[else
            (exp-by-squaring-aux
             (matrix* y x) (matrix* x x) (/ (- n 1) 2))]))])
    (exp-by-squaring-aux one-matrix x n)))

And here is a quick running time analysis

> (time (dotimes (x 1000) (exp-by-squaring (matrix [[1 1 ] [1 0]]) 100)))
cpu time: 793 real time: 802 gc time: 175
> (time (dotimes (x 1000) (matrix-expt (matrix [[1 1 ] [1 0]]) 100)))
cpu time: 143 real time: 144 gc time: 36
>

Looks like I’m better off with the library — although curious to know what the library implementation is.

So sticking with the matrix-expt library function:

;;;-- Miniature 1: Fibonacci Numbers, Quickly
(define one-zero-matrix (matrix [[1 0]]))

(define fib-matrix (matrix [[1 1 ] [1 0]]))

(define (fast-fib n)
 ;;; Fast method of computing nth fibonnaci number
 (let* (
         [m-expt (matrix-expt fib-matrix n)]
         [idx0 0]
         [idx1 1]
         [prod (matrix* one-zero-matrix m-expt )]
        )
    (matrix-ref prod idx0 idx1 )))

Now here’s an old-school tail recursive implementation

;;; Old school fib
(define (os-fib n)
 (letrec ([os-fib-helper 
            (lambda (n a b)
             (cond
              [(= n 0) b]
              [else
                (os-fib-helper (- n 1) b (+ a b) )]))])
         (cond
           [(= n 0) 0]
           [(= n 1) 1]
           [else
             (os-fib-helper (- n 2) 1 1)])))

Now let’s look at how they compare.

> (time (dotimes (x 10000) (fast-fib 100)))
cpu time: 2554 real time: 2612 gc time: 617
> (time (dotimes (x 10000) (os-fib 100)))
cpu time: 41 real time: 41 gc time: 11

Wow. Maybe we’ll have to go to type checked racket to see any gains there!

Typed racket claims to get more of a boost in performance by using type hints. Here is the typed version of the fast Fibonacci

;;; -- Miniature 1: Fibonacci Numbers, Quickly (with type hints)
(: one-zero-matrix (Matrix Integer))
(define one-zero-matrix (matrix [[1 0]]))

(: fib-matrix (Matrix Integer))
(define fib-matrix (matrix [[1 1 ] [1 0]]))

(: fast-fib (-> Integer Integer))
(define (fast-fib n)
 ;;; Fast method of computing nth fibonnaci number
 (let* 
  (
   [m-expt (matrix-expt fib-matrix n)]
   [idx0 : Integer 0]
   [idx1 : Integer 1]
   [prod : (Matrix Any) (matrix* one-zero-matrix m-expt )]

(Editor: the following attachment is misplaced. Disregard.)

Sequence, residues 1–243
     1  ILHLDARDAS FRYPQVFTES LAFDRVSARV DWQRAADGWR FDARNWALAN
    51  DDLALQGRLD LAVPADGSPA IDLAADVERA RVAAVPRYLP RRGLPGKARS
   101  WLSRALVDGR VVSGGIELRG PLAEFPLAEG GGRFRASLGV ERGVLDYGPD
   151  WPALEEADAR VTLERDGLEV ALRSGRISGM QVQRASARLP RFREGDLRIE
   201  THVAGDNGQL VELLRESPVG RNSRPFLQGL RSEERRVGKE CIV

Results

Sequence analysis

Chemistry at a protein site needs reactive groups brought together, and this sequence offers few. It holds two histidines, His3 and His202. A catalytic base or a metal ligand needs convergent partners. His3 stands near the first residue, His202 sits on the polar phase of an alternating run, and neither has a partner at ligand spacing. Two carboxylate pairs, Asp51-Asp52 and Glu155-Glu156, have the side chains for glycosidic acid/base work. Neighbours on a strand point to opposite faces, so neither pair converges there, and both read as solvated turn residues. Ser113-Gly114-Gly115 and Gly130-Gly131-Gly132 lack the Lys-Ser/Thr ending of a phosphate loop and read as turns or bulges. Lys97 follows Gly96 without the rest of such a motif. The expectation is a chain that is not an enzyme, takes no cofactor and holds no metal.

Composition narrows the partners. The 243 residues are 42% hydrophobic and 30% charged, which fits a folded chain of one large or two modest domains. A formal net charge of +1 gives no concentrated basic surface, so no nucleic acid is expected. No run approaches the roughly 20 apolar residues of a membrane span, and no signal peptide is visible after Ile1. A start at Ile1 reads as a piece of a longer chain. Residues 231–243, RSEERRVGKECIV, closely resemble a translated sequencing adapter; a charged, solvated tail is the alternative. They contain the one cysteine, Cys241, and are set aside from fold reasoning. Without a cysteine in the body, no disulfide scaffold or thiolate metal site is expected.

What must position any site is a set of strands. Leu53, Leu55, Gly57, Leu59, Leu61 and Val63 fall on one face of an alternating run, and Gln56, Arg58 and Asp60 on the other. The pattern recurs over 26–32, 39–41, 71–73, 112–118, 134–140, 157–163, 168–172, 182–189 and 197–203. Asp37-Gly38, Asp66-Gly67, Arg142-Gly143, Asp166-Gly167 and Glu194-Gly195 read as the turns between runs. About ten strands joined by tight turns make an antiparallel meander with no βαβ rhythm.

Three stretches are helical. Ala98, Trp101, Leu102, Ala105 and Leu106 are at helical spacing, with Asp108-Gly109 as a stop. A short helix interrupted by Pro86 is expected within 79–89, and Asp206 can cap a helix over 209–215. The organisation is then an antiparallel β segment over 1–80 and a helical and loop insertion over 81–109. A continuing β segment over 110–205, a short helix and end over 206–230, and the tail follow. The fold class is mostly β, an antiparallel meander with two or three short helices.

)
  (cast (matrix-ref prod idx0 idx1 ) Integer)))

;;Hacky runner to allow my bootleg benchmark
(: run-fast-fib-100 (-> Integer Integer))
(define (run-fast-fib-100 n)
  (dotimes (x n)
   (fast-fib 100))
 n)
> (time (run-fast-fib-100 10000))
cpu time: 689 real time: 728 gc time: 251
- : Integer
10000
> (time (run-fast-fib-100 10000))
cpu time: 672 real time: 733 gc time: 244
- : Integer
10000
> (time (run-fast-fib-100 10000))
cpu time: 704 real time: 750 gc time: 267
- : Integer
10000
> (time (dotimes (x 10000) (os-fib 100)))
cpu time: 28 real time: 28 gc time: 0
> (time (dotimes (x 10000) (os-fib 100)))
cpu time: 31 real time: 30 gc time: 0
> (time (dotimes (x 10000) (os-fib 100)))
cpu time: 35 real time: 35 gc time: 0
>

About an order of magnitude better, but still order of magnitude worse than the iterative version though. Better off sticking with the simple iteration.

Now in the second miniature, Matoušek derives a numeric expression for the nth Fibonacci number by solving a system of linear equations that follow from the recurrence. This is F_n = 1/\sqrt{5} \left[ \right( (1 + \sqrt{5})/2 \left) ^n - \right( (1 - \sqrt{5})/2 \left) ^n \right]

;;; -- Miniature 2: Fibonacci Numbers, the Formula(: root-five Real) 
(define root-five (sqrt 5.0)) 

(define inv-root-five (/ 1.0 root-five)) 

(define first-tau-root (/ (+ 1.0 root-five) 2.0)) 

(define second-tau-root (/ (- 1.0 root-five) 2.0)) 

(define (fib-root n) 
 ;;; Not so fast but fun ?
 (exact-round 
    (* inv-root-five 
     (- (expt first-tau-root n) (expt second-tau-root n))))

How does compare against an “old school” iterative version?

> (time (dotimes (x 10000) (fib-root 100)))
cpu time: 3 real time: 4 gc time: 0
> (time (dotimes (x 10000) (os-fib 100)))
cpu time: 27 real time: 28 gc time: 0

Well, that seems to best it. At least until we get further out in the sequence, where overflow gets to be an issue

> (time (dotimes (x 10000) (fib-root 1200)))
cpu time: 4 real time: 4 gc time: 0
> (time (dotimes (x 10000) (os-fib 1200)))
cpu time: 1271 real time: 1419 gc time: 293
> > (time (dotimes (x 10000) (fib-root 2000)))
. . exact-round: contract violation
 expected: rational?
 given: +inf.0
> (time (dotimes (x 10000) (os-fib 2000)))
cpu time: 2619 real time: 2893 gc time: 725

So we’ve got constant time with the analytic solution, we might loose the better performance once we get better precision. Interesting. I’ll hold it there for now and contemplate. It’s been a nice Scheme appetizer — a feel my inner Scheme brain re-awakening.